William's nostalgic return to wartime home
Many years after he returned to his native Liverpool, William Poland went back to Alveley to see his wartime haunt and look up the lady who had looked after him so well, Mrs Winnie Gittins.
“In the late 1960s, and having bought my first car, I decided to show my wife the place where I had been evacuated,” said Mr Poland, who wrote an account of his experiences.
“I was full of apprehension. I asked at the village post office whether Mrs Gittins was still around and found that she had returned to the village and was living just across the road.
“It took some time for her to understand who I was but, from then on, it was amazingly as if I had never left.”
His Shropshire connection had begun when the 11-year-old Bill Poland – he went as Bill then – found himself heading away from his Liverpool home, destination unknown.
The youngest of seven brothers, he was the only one to be evacuated because the others were of military age.
On the morning of Saturday, September 2, 1939, with a pillowcase full of clean clothes, a label tied to his jacket, and a gas mask draped around his neck, he was taken by his mother to one of Liverpool’s main railway stations.
He was in a carriage with about 15 other children and a welfare lady, and the four-hour trip to Bridgnorth was frequently broken as groups of evacuees were dropped off.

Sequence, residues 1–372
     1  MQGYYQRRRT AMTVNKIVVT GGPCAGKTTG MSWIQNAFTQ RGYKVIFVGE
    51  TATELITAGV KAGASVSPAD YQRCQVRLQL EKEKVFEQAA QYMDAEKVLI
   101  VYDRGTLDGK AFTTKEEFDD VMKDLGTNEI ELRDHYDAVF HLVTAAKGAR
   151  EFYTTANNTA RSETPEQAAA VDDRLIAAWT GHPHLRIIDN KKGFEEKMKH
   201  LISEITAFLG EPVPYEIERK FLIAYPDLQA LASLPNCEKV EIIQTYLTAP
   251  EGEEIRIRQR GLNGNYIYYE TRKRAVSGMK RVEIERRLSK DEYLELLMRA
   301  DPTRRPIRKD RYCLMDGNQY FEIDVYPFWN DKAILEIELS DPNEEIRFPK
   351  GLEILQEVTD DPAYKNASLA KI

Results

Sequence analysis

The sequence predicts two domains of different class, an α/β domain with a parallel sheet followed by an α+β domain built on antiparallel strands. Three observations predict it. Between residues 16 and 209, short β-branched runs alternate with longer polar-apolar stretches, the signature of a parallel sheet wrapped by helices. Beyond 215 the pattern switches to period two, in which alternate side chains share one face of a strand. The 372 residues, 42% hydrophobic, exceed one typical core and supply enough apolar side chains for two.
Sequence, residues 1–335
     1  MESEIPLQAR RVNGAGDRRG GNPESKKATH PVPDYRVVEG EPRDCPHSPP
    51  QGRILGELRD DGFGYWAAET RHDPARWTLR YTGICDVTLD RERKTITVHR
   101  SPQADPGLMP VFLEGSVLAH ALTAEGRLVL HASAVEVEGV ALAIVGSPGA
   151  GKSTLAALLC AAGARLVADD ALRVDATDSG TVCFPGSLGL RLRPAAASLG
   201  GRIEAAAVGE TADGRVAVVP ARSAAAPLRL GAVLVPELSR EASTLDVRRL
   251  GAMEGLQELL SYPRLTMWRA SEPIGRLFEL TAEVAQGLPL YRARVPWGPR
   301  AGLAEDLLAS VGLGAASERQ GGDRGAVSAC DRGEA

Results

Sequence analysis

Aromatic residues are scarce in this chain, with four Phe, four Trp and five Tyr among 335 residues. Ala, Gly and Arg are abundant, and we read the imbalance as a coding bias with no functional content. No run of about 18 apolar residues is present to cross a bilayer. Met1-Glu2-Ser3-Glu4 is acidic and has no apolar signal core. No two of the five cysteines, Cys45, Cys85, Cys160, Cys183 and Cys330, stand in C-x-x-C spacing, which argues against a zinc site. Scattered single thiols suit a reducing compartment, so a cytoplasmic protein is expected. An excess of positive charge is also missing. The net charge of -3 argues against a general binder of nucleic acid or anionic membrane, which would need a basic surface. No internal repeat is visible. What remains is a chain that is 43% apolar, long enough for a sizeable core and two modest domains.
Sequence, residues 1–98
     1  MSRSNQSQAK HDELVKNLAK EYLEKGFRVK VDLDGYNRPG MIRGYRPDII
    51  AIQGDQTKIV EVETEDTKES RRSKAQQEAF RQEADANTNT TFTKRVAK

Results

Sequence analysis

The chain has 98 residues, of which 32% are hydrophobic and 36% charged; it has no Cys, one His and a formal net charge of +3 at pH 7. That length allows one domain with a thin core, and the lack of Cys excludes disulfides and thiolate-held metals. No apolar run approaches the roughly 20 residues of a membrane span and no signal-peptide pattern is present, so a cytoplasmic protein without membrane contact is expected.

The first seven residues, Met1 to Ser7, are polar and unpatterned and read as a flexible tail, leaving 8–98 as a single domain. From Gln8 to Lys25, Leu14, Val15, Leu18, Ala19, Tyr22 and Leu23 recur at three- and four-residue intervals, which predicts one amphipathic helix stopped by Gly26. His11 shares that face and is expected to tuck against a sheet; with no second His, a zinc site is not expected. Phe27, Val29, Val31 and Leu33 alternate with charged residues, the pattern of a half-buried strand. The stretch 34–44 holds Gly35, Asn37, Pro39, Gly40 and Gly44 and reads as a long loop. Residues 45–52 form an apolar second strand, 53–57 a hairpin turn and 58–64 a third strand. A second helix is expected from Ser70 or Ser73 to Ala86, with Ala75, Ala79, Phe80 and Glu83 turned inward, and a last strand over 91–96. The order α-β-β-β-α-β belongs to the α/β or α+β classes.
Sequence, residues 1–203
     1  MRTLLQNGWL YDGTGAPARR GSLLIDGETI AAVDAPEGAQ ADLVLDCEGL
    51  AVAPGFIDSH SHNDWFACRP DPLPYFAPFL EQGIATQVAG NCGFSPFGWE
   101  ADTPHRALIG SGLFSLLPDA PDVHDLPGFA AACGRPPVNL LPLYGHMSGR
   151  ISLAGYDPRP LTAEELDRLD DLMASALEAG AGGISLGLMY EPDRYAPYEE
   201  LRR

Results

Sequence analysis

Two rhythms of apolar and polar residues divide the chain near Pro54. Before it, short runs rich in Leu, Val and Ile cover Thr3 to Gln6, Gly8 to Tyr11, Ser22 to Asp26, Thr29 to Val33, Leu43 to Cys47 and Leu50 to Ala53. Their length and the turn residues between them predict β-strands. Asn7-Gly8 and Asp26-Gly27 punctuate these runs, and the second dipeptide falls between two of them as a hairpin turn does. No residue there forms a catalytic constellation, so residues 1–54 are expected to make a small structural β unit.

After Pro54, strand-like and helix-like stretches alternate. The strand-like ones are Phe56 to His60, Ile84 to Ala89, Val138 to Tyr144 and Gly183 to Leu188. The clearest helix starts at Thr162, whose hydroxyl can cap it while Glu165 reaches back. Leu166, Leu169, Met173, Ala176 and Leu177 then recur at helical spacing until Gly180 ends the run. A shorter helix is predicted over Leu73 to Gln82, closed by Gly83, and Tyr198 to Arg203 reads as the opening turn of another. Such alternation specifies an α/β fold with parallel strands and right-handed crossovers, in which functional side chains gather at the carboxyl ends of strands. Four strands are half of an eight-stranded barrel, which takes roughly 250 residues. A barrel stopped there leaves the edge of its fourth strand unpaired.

By the time they arrived in Bridgnorth, their numbers had dwindled to about 80.
They were put into two coaches and driven to Alveley village hall.
“There, by mid-afternoon, we were paraded for the benefit of the locals who – government grant persuaded – were to decide our fate.”
By early evening there were just two of them left, himself and a boy named John.
“Our welfare ladies were beginning to look worried. Then the hall door was thrown open and a rough-looking, unsmiling man barged in.
“In answer to a question from one of the ladies, he confirmed that he had come for ‘a couple of evacuees’ and, after weighing John and me up, told her he would ‘take ‘em.’ Dusk was setting in when we were finally bundled into a small car – it was my first car ride – and driven, by one of the ladies, some two miles to the end of a narrow and shadowed country lane.”
They arrived at a cottage, darkened by the blackout which was already being followed in some areas.
This was 76 Low Lane, the home of Mr Jenner Gittins and his wife Winifred.
Young Bill’s wartime adventure had begun.